Tesla’s Cybertruck arrives with $60,990 starting price and 250-mile range


What just happened? Four years after it was first revealed and several delays and controversies later, Tesla’s Cybertruck has finally made it into the hands of around a dozen customers. Its original base-model price of $39,900 announced four years ago has increased more than 50% to $60,990. Elon Musk also said in 2019 that the truck would have a 500-mile range. The base variant manages 250 miles, while the AWD Cybertruck manages 340 miles without the extra battery pack option that can push it to 470 miles.

There will be three versions of the Cybertruck, including the rear-wheel drive base model mentioned above that won’t arrive until 2025.

Assuming there are no more delays, which is always a possibility, next year will see the launch of the dual-motor version. Priced at $79,990, it can hit 112 miles per hour, do 0-60 in 4.1 seconds, and travel 340 miles on a single charge.

Also set to arrive in 2024 is the “Cyberbeast” tri-motor trim that packs 845 horsepower with 10,296 lb-ft of torque. It costs $99,990, has a top speed of 130 mph, can do 320 miles, and has a claimed 0-60 time of 2.6 seconds . Note that the prices are before federal tax credits are applied, and companies are noted for exaggerating their EVs’ ranges.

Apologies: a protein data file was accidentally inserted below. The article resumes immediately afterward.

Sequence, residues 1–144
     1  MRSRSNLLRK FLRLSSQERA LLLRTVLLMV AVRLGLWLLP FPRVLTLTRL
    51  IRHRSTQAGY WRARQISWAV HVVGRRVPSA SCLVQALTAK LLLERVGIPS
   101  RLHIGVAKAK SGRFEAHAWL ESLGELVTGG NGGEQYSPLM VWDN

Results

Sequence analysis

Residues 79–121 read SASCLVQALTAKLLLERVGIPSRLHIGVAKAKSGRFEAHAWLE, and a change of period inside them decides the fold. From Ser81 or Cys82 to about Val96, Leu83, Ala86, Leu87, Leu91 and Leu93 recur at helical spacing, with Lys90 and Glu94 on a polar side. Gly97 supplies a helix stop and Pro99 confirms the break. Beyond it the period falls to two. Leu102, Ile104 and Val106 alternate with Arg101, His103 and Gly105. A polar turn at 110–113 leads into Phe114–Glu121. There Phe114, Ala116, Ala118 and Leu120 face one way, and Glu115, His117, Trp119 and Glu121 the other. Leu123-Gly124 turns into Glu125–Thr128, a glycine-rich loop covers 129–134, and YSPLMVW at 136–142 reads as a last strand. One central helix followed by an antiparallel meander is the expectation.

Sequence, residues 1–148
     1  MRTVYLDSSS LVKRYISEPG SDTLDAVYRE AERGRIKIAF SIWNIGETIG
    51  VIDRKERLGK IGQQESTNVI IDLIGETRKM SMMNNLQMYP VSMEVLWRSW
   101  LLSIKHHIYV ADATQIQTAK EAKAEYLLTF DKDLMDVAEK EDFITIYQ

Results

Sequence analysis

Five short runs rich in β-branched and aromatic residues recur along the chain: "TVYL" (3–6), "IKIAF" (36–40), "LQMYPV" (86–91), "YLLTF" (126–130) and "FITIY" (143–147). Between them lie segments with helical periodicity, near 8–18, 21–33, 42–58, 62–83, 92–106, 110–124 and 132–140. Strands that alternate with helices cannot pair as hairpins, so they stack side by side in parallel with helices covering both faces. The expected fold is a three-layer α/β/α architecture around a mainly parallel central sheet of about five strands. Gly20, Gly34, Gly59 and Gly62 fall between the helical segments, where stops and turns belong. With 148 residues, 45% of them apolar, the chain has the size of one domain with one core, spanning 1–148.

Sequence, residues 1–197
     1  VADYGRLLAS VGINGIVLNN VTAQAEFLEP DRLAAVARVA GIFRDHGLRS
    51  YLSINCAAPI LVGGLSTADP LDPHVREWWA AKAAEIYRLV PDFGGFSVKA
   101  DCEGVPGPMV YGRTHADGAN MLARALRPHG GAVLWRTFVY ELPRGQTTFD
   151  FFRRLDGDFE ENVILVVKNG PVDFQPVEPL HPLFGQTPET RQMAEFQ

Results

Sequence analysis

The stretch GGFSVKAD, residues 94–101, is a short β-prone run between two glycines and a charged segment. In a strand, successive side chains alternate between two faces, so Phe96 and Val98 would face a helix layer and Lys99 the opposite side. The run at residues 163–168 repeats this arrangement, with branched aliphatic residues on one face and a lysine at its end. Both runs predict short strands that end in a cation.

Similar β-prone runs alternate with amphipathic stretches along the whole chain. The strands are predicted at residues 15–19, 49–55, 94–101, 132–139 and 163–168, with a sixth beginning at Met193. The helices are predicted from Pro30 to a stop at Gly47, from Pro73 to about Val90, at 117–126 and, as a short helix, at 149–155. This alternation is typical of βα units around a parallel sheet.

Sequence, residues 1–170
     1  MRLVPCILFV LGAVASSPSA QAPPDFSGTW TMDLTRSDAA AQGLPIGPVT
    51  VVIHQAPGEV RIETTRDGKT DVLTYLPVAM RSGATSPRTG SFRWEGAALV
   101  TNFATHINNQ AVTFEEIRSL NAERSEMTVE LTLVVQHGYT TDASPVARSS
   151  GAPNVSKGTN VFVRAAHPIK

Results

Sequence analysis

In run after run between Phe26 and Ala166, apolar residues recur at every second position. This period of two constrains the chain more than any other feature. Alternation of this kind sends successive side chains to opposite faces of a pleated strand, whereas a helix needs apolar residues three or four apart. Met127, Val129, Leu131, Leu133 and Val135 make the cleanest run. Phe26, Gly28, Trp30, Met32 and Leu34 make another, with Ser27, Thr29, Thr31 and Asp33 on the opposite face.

While the prices and range might have disappointed some, the Cybertruck’s towing capacity of 11,000 pounds for the two more expensive trims (7,500 pounds for the base model) has been welcomed.

Part of the unveiling event for the bulletproof Cybertruck saw Tesla chief designer Franz Von Holzhausen try to redeem himself for the infamous windows strength test of 2019, in which he threw a metal ball bearing at what is supposed to be armor plated glass only for him to break both the front and rear windows. This time he used a baseball and threw it pretty weakly.

The Cybertruck is also Tesla’s first vehicle to offer bi-directional charging, or vehicle-to-load capabilities. It means the battery can be used to charge or power an electrical appliance, including another Cybertruck, via the 240-volt outlet in the rear bed, outputting as much as 11.5kW.

The pandemic caused Tesla a slew of problems – as it did for all automakers. It led to the company missing the Cybertruck’s initial preproduction target in 2021. Tesla had said it would deliver the first Cybertrucks to customers in the summer of 2023. That was later changed to the third quarter, but both those deadlines passed.

Tesla is targeting production numbers of 250,000 Cybertrucks per year, though that won’t become a reality until after 2024.


Source link

A mineral produced by plate tectonics has a global cooling effect

Distinct brain activity triggered by memories of trauma